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I'm trying to build the following circuit

enter image description here

Given my solenoid draws 1.4A, how do I determine what type of resistor, transistor, and diode I should use? What if I were to change my power to 9V? I'd prefer to see answers accompanied by the math so I can understand what's going on.

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Sorry to tell you this, but your circuit (as shown) won't work.

For a transistor to work as a switch (transistor dropping less than about 1/2 volt), you should design for a base current about 1/10 to 1/20 the collector current. In your case, this requires 70 to 140 mA, and there is no GPIO pin which will handle that.

So you have a choice: use a Darlington or a MOSFET. If you choose a Darlington, you can assume a gain in the vicinity of 100, for a base current around 1 to 1.5 mA. If your GPIO pin is 5 volt, this will require a base resistor of about $$R = \frac{5-1.4}{.001\text{ to }.0015} = 2.4\text{ k to } 3.6\text{ k}.$$ and allowing for the GPIO voltage being somewhat less than a nominal 5 volts suggests something like 2k.

If you use a MOSFET, you'll need to be careful about threshold voltage. If your GPIO has a 3.3 volt high level, a lot of MOSFETs are not guaranteed to turn on at this gate voltage, so you need to pay close attention to the Vgs(th) voltage, which must have a maximum value less than your minimum GPIO voltage.

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Your diagram shows an NPN transistor. If you choose an NPN transistor, then you choose your base resistor based on the GPIO voltage, the supply voltage, the \$\beta\$ of the transistor, and the desired load current (1.4A) (hint: you can solve this easily with the basic model of a BJT).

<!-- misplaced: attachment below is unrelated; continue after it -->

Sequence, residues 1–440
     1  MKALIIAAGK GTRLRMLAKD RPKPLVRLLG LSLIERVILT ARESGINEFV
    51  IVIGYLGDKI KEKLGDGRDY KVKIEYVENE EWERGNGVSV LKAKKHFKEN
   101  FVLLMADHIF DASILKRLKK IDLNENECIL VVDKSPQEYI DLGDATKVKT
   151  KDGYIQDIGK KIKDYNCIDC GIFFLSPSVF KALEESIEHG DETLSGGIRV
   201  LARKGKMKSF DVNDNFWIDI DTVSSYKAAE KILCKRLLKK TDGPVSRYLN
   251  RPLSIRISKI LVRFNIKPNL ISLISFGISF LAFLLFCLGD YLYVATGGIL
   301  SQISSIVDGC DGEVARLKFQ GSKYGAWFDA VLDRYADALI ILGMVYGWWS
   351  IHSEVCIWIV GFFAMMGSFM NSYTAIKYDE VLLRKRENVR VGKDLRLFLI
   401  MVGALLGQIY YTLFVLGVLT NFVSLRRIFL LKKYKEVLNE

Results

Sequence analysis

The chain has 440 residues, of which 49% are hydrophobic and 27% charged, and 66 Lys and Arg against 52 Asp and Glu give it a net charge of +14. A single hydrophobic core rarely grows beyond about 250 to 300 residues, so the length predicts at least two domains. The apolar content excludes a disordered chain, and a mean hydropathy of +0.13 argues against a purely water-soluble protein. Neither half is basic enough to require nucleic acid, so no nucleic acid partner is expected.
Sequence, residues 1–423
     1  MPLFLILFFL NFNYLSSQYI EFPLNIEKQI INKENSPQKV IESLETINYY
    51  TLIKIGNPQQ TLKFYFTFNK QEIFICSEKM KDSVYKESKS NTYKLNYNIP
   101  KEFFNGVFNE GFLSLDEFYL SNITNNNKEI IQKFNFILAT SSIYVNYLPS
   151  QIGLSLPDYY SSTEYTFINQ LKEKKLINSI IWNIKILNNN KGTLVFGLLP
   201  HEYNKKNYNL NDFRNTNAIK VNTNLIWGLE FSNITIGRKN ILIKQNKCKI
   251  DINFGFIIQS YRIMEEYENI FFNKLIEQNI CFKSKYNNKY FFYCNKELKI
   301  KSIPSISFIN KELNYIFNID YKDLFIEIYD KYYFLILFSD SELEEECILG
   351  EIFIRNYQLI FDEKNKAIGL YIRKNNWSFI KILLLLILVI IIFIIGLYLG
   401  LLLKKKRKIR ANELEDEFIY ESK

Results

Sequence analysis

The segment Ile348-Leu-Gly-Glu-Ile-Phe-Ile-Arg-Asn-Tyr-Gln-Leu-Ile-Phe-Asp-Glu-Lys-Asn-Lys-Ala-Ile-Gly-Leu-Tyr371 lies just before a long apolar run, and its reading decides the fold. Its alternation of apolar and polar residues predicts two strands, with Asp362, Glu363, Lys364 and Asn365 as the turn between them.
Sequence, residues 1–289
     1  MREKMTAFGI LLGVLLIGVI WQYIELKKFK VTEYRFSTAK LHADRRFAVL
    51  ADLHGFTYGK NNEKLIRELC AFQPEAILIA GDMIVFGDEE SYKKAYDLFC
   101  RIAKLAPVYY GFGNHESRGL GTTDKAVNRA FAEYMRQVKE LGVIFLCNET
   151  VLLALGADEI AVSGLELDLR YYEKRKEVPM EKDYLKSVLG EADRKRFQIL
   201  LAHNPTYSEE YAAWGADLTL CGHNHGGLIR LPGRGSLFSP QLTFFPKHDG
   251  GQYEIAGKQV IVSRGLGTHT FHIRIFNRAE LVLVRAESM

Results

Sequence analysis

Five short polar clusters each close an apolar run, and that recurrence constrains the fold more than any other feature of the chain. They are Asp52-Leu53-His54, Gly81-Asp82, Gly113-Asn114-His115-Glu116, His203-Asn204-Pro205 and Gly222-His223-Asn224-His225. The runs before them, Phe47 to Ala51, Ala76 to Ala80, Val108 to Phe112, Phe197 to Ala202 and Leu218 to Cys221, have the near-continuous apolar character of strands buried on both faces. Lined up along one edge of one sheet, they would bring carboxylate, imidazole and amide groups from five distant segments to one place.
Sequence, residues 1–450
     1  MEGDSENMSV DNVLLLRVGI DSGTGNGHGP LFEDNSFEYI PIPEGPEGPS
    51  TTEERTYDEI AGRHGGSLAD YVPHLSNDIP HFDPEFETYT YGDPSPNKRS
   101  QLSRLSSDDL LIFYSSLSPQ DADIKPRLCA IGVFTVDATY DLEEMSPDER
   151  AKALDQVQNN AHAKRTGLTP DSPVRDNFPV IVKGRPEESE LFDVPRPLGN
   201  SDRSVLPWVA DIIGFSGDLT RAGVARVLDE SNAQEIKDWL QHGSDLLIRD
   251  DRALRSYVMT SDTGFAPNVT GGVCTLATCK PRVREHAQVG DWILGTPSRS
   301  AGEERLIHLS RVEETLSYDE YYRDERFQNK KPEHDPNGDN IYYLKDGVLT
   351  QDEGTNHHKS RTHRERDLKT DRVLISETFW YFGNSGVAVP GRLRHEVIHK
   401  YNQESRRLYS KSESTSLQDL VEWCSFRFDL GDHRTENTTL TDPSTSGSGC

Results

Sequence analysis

However, a MOSFET is more appropriate in this situation, in which case the gate resistor (MOSFETs don't have bases) is simply to prevent fast edges from ringing, and can be pretty much anything in the 1k-100kΩ range. Additionally, you might want a pull-down resistor on the gate to ensure that it goes to a predictable state if the device driving your GPIO pin is disconnected.

This answer will help you with flyback diode selection. Basically, you need a diode that can handle at least 1.4A. However, it doesn't need to handle this for very long, which makes choosing your diode much easier.

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  • \$\begingroup\$ With a MOSFET would I need a resistor on the gate? I'm trying to release a drop of water so I need very fast control over the solenoid \$\endgroup\$ – WhiskerBiscuit Jan 9 '16 at 22:46
  • \$\begingroup\$ As I said, with a MOSFET, the gate resistor is not necessary to limit current, but only to control slew rate/ringing. Here is a more complete answer. In your application, the MOSFET is not the limiting factor, the mechanical mass of the solenoid is going to be the slowest thing in the system. \$\endgroup\$ – uint128_t Jan 9 '16 at 22:58
  • \$\begingroup\$ Assuming I stick with a NPN, the load would be 12.5V/1.4A = 8.57 Ohms?. I'm kina in the same situation as this question but I don't have any parts in my kit. \$\endgroup\$ – WhiskerBiscuit Jan 9 '16 at 23:57
  • \$\begingroup\$ As for your hint, are you talking about IC/B \$\endgroup\$ – WhiskerBiscuit Jan 10 '16 at 0:03
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    \$\begingroup\$ If you need fast turn-off of the solenoid, you should add a zener diode in series with the flywheel diode -- ~ 40 V would work. This zener will make the solenoid current decay much faster and release the solenoid. A R on the FET gate helps with possible ringing; unless it is many Mohm, it won't have any appreciable effect on the solenoid speed. \$\endgroup\$ – jp314 Jan 10 '16 at 1:10

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